What Can We Learn from Christian Fundamentalists? Jeramie Rinne Responds

Editor’s Note: 9Marks Ministries recently dedicated their recent eJournal issue to discussing Fundamentalism. SharperIron has received permission from them to reprint the articles here for discussion. We will post ten articles over the next two weeks. If you would like the complete eJournal or would like to subscribe to further editions, please go to www.9marks.org.

Jeramie Rinne

rinneToday’s Evangelical church can learn from the Fundamentalist call for separation. Twentieth century Fundamentalists saw the increasing secularization of American culture and drew a line in the sand. “Wherefore come out from among them, and be ye separate, saith the Lord” (2 Cor. 6:17, KJV of course) became a text that embodied this impulse. Fundamentalists tended to take a hard line on drinking, dancing, movies and the like, and to withdraw into separate colleges, missionary organizations and denominations.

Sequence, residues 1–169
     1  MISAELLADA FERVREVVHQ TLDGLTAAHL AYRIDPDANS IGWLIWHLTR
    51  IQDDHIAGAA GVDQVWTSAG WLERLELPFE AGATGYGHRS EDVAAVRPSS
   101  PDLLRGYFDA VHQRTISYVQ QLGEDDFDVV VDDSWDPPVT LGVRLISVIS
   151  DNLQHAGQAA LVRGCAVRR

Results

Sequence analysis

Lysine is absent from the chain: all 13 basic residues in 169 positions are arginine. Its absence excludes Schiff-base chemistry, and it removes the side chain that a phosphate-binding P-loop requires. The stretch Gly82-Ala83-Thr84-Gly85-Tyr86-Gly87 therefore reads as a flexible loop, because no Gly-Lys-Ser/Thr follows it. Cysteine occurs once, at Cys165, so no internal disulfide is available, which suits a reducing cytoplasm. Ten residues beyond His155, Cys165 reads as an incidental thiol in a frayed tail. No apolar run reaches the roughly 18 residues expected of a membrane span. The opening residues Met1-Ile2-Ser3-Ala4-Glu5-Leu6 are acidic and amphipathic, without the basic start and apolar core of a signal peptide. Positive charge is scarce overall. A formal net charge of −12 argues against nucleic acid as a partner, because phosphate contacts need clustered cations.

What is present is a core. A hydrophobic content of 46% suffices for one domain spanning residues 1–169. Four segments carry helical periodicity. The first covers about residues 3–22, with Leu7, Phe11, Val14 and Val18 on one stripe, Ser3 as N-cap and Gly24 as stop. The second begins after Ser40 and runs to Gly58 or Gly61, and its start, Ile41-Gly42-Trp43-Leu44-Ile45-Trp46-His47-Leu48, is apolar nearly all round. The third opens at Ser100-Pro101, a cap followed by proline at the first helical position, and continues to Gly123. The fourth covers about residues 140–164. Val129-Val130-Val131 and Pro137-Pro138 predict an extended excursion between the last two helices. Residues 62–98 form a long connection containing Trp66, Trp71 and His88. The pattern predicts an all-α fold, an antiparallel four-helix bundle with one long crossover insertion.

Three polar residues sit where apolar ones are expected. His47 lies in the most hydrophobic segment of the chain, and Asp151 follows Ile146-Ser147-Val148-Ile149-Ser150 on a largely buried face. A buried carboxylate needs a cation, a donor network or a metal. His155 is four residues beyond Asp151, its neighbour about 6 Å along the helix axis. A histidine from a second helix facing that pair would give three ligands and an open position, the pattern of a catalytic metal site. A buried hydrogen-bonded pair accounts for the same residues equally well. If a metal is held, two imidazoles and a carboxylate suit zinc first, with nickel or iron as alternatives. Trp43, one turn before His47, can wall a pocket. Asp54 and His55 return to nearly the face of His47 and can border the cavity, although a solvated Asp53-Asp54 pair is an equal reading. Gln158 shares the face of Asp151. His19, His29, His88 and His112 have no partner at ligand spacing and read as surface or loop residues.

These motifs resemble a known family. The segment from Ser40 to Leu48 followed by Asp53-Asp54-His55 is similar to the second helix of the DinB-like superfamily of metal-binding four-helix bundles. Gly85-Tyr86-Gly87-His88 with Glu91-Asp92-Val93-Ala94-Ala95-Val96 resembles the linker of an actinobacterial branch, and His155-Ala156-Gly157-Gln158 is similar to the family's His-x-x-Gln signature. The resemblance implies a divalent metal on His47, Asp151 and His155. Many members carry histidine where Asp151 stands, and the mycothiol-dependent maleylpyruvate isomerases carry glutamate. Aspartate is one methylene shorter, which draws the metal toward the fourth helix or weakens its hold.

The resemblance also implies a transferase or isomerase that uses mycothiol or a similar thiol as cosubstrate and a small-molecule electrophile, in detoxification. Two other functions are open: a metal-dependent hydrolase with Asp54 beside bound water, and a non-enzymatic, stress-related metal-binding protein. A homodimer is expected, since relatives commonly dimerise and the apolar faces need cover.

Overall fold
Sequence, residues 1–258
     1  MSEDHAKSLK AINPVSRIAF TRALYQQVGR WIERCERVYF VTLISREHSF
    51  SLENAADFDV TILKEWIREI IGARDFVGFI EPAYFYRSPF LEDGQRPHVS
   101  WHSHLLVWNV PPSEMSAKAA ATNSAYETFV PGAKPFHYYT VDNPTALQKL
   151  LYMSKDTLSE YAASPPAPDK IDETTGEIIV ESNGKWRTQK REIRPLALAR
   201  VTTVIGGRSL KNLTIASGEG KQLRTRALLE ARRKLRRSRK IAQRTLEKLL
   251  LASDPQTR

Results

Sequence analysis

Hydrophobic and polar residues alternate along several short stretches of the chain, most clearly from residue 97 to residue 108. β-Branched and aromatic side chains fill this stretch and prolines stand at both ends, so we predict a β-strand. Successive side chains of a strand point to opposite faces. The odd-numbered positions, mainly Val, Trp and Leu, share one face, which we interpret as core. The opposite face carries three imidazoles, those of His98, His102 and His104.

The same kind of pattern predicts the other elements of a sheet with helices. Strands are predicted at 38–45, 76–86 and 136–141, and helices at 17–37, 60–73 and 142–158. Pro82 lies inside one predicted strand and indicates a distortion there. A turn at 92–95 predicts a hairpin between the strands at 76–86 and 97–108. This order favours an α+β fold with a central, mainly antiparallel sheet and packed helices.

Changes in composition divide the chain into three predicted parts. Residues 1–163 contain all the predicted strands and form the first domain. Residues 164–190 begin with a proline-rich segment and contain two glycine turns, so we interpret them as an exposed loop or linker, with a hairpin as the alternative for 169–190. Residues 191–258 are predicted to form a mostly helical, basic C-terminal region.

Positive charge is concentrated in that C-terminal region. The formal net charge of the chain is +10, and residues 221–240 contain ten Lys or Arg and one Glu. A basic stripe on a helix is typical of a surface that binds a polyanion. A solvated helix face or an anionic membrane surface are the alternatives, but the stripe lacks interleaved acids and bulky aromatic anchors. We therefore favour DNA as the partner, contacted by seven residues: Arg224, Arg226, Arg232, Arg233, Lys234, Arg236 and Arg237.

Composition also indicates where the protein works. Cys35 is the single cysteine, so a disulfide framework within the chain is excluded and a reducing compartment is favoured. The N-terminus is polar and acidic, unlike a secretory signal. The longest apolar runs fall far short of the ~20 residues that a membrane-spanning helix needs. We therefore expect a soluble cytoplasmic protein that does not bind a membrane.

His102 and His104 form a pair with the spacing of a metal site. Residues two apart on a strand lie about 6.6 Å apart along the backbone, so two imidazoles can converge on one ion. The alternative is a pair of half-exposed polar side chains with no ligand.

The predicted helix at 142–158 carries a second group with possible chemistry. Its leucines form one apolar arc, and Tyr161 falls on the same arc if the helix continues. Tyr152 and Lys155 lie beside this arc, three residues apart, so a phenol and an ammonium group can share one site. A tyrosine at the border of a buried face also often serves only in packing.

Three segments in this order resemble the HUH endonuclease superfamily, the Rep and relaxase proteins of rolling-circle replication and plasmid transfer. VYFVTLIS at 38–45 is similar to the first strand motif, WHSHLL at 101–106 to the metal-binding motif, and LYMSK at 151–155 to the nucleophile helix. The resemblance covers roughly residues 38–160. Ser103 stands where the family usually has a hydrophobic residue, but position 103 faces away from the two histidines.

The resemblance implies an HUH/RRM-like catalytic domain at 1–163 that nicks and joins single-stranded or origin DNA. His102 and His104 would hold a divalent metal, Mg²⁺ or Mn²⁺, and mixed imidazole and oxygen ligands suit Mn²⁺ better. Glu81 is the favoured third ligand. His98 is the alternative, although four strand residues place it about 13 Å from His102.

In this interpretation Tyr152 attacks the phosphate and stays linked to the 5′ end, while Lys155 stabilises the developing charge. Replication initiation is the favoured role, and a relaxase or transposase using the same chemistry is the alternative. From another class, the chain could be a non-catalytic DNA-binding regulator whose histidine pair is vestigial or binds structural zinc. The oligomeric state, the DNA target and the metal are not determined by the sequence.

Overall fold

Unfortunately, this separation too often fostered an oppressive legalism and divisive denominationalism that impeded the gospel. But could it be that the 21st century Evangelical church has begun to err in the opposite extreme? If Fundamentalists overemphasized separation, do we overstress relevance? Is there not a tendency today to uncritically adopt contemporary models of entertainment, management, therapy, marketing, and technology, all in an effort to make our churches relevant? Do Evangelicals really believe that the gospel is the power of God for salvation, or does the juice lie in a trendier approach? The Evangelical church needs to slow down, look again at God’s Word, and think seriously about how cultural models affect the gospel. It may be time for a little separatism!

Jeramie Rinne is the senior pastor of South Shore Baptist Church, Hingham, Massachusetts.

March/April 2008, ©9Marks

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